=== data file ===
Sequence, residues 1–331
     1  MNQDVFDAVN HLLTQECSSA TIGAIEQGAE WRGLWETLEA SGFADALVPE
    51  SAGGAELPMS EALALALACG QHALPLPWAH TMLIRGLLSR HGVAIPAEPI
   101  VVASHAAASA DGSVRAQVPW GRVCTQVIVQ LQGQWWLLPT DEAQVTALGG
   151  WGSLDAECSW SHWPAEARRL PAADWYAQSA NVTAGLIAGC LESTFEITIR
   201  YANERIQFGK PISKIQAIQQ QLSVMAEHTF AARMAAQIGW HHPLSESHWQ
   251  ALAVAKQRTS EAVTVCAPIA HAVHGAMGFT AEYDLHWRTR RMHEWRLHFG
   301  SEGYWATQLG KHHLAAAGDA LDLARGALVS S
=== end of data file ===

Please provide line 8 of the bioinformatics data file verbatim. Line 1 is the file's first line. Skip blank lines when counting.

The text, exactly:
   301  SEGYWATQLG KHHLAAAGDA LDLARGALVS S